Financial independence and early retirement are two subjects that are impossible to avoid in the minimalism/frugality/simple living world. In fact you could spend a lot of time reading about this topic, and feel it is the only game in town.
What are the other benefits of adopting a simpler, more consumption-conscious lifestyle?
More time and more mental space and more physical space free from stuff.
Different forms of wealth can grow in that space and time.
What follows are some of the ways simple living has made my life wealthier.
Warmshowers & Cycling
I make no secret of my conversion to full-time cycling (no car) and my love of all things two-wheeled.
Warmshowers (www.warmshowers.org) is a website for hosting, but centered around cyclists. I have had some good experiences with Couchsurfing, but generally find it too fussy and cumbersome. I rarely use it now.
I have hosted on Warmshowners many times and in return been hosted and consider the people I have met and my profile on the site to be a genuine source of wealth.
It’s possible to cycle anywhere in the world, meet interesting fellow cyclists with local knowledge, and have a roof over my head (plus bonus warm food!).
It wouldn’t have started without my conversion to cycling which came about from adopting a downsized lifestyle.
If that doesn’t sound like wealth, I don’t know what is.
The same point applies to social media where I can get in touch and maintain contact with others who share similar interests, especially in simple living.
Hedonic adaptation is the idea that we return to the same level of happiness once we get used to a new level of material comfort.
We’ve all heard the story of the lottery winner who returns to being the same miserable sod six months after winning as he was before.
A frugal, minimalistic lifestyle is kind of like that in reverse.
It slowly promotes greater enjoyment of things that were once routine or even a chore – getting a take-away for example. Fixing my bike. Cycling. Saving money.
It makes us seek out activities that don’t revolve around purchasing enjoyment. Doing so ultimately reinforces neural pathways that are based on enjoyment of the world about us as it is, not only what we can take from it.
Additionally it reduces the desire new, shiny things. I really couldn’t give a shit about cars, phones, or the latest didgeree-whatnot that is supposed to deserve my attention. That feels liberating.
I do have an impulsive side to my personality and when let run amok, it generally wreaks minor havoc. As an antidote, simple living is a kind of material stoicism.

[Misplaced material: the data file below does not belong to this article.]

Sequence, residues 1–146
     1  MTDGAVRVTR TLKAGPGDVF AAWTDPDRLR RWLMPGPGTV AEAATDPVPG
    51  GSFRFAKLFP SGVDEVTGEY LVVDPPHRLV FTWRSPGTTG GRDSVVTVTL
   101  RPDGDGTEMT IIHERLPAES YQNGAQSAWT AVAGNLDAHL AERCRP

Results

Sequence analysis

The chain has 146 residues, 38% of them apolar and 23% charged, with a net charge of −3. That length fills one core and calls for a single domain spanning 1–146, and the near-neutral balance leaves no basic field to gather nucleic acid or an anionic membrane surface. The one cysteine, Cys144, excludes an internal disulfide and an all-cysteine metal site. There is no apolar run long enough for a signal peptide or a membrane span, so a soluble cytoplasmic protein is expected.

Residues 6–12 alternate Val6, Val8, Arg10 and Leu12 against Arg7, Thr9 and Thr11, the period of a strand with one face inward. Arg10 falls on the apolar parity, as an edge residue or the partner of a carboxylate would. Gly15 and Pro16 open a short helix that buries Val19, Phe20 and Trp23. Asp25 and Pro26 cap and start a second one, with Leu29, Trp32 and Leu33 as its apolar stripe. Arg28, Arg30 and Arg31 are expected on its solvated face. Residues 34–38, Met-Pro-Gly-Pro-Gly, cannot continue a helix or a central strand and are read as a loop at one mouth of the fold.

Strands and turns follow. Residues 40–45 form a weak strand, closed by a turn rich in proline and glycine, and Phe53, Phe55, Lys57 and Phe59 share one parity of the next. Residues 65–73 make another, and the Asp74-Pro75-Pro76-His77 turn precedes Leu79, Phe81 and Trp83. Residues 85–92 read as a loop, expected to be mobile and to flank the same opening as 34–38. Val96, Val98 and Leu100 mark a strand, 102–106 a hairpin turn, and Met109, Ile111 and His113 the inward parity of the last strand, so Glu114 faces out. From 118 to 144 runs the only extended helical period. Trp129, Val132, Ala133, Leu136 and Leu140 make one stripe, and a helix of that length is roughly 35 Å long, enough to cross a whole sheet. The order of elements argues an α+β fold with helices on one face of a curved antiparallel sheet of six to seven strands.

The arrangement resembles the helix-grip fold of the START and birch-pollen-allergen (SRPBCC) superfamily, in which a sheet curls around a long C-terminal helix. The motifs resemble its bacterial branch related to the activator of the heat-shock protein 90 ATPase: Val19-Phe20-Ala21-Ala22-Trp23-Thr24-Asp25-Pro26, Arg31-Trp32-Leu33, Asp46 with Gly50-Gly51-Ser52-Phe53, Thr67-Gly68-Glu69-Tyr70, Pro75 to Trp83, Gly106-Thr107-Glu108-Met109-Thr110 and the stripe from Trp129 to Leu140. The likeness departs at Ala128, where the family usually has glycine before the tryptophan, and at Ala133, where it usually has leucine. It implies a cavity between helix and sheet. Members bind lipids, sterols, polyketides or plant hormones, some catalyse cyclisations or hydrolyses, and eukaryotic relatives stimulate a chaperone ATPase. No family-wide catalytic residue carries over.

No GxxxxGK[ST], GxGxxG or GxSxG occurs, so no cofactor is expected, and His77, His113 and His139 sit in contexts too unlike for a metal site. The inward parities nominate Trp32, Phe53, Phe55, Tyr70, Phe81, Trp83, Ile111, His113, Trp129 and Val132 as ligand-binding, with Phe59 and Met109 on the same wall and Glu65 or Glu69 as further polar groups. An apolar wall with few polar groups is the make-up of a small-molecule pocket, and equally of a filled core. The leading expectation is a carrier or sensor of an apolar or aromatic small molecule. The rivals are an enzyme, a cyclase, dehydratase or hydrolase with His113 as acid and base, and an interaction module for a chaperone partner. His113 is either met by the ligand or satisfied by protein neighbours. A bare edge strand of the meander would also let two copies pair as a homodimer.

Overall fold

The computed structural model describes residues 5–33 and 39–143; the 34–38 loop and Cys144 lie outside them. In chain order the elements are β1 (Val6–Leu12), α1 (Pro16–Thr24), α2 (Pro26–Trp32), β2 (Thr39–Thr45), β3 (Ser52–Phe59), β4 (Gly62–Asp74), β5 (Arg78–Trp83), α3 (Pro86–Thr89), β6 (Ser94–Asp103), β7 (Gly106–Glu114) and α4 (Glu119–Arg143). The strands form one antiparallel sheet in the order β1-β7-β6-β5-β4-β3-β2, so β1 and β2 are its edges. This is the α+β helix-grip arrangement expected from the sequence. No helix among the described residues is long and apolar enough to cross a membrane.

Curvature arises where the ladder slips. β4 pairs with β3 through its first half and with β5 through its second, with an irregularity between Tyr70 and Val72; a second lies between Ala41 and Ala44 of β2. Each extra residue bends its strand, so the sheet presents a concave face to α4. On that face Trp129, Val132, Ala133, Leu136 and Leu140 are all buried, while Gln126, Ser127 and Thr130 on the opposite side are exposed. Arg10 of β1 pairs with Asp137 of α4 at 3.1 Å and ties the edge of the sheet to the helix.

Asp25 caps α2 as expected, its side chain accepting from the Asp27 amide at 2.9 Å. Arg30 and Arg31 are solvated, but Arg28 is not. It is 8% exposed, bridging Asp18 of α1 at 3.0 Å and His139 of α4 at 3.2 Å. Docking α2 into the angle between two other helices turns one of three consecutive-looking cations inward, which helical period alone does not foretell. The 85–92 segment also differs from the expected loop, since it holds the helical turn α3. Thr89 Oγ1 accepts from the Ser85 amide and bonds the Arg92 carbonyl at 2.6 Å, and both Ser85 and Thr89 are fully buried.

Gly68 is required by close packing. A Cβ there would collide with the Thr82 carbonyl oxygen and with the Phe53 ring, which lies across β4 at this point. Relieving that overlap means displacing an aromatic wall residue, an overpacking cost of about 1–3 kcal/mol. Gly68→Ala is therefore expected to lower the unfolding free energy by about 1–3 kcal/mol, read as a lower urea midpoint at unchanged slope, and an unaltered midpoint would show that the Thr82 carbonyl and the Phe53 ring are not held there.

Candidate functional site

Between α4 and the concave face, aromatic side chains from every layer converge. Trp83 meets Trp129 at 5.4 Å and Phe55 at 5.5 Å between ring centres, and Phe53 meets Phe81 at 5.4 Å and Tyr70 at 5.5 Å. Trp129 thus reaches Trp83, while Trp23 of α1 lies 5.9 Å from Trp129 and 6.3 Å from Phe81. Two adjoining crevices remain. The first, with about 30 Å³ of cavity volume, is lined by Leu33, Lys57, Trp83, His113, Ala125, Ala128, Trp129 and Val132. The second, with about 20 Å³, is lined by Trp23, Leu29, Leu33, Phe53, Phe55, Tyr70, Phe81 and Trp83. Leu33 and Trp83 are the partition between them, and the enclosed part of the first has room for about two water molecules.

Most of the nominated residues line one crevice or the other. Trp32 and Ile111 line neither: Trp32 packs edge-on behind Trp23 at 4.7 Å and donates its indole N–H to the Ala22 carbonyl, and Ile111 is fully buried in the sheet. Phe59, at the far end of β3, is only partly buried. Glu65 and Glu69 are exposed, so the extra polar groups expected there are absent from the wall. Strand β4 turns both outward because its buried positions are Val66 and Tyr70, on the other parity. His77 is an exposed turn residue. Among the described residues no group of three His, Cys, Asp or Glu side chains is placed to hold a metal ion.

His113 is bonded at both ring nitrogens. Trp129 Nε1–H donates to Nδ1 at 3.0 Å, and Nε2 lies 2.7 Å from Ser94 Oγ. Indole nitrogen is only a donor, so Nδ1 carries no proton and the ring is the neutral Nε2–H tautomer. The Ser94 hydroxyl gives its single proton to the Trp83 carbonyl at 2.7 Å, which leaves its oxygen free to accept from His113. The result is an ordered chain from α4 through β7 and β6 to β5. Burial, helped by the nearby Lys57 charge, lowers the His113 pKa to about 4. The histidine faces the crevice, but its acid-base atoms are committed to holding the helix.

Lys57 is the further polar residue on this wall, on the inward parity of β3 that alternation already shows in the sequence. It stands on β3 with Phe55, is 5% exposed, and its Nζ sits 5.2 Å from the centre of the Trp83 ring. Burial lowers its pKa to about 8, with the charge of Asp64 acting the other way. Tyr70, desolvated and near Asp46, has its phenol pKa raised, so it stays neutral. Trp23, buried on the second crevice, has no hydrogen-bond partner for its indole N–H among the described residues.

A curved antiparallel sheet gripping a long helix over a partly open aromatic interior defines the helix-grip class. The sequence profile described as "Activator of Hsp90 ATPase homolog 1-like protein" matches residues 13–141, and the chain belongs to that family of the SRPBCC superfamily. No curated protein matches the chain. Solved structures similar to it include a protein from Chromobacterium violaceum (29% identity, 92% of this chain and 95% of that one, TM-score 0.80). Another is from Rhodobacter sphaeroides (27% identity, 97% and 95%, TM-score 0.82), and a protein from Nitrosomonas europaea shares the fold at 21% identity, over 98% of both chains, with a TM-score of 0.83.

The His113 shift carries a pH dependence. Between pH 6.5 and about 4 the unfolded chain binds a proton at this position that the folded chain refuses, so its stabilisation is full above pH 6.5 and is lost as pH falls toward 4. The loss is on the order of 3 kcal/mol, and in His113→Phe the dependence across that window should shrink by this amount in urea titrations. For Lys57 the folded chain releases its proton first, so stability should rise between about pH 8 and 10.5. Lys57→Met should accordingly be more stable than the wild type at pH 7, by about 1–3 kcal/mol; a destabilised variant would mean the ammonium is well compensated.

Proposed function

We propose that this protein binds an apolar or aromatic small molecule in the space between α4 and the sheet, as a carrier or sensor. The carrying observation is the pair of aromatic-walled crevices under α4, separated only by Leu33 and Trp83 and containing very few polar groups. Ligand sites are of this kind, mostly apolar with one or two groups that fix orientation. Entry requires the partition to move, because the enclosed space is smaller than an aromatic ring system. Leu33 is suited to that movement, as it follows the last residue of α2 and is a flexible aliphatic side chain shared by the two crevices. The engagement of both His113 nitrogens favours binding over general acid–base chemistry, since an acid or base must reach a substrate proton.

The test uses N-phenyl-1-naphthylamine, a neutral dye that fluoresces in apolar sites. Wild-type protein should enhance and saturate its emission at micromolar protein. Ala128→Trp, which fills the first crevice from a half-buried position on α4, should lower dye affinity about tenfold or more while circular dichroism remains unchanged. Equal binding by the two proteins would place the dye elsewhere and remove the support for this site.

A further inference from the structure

I switched careers four years ago from a suit-and-tie government job to the more freewheeling world of software development. It wasn’t easy but was relatively straightforward to pull off with a frugal lifestyle as the solid base.
Switching careers may not be for everybody, but it’s nice to know you can make that change if you want to. If I want to change careers again, I can.
That flexibility allowed me to get a job closer to my family home, purchase an apartment in a location I can actually afford, and give up my car. The money I saved from not having a car? I used it to follow a dream and build a home in Ecuador.
I don’t say these things to come across in any way boastful. Good habits and simple living have given me more than any amount of career or promotion-hunting ever have, including options in relation to that career.
I am rich in proportion what I have versus what I need.
Frugal living affords you huge flexibility. I don’t have kids or a family to support, but there’s thousands of blogs written out there on the benefits (financial and non-financial) families of all shapes and sizes see from adopting consciously downsized lifestyles.
It’s all about having options.
Health Being Wealth
Simple living doesn’t leave a whole lot of room for processed food and junk. It really can streamline and improve how you eat. To a greater or lesser extent, an improved diet is often a welcome symptom of simple living.
Saving $100k a year and retiring by 40 means a lot less if you do not have your health.
This is another area where a strong DIY ethos comes out as you learn what works for you.
Blind trust in mainstream medicine is not really an option for me anymore after I was massively oversubscribed antibiotics when I was younger. Never again.
I still have my vices too, but I’m working on them.
Does it piss you off when you cannot fix something you own when it breaks? I don’t like having to get some outside expert in to fix stuff when it goes wallop.
Given that there’s only so many waking hours in the day and I’m not going to learn to fix all the items I surround myself with on a daily basis, the most elegant solution is to remove all the excess crap.
Who wants to learn to fix stuff they rarely use anyway?
Best not have the option to even use it/break it in the first place.
Learn to fix the things that matter.
The main areas I’ve focused on to date are transport (bike repair), housing (building a house – much improvement yet to be made in the areas of plumbing, carpentry etc), computer maintenance, and musical instruments.
This builds in a kind of internal resilience to life that I like.
How about you? What sort of wealth does simple living allow you to build?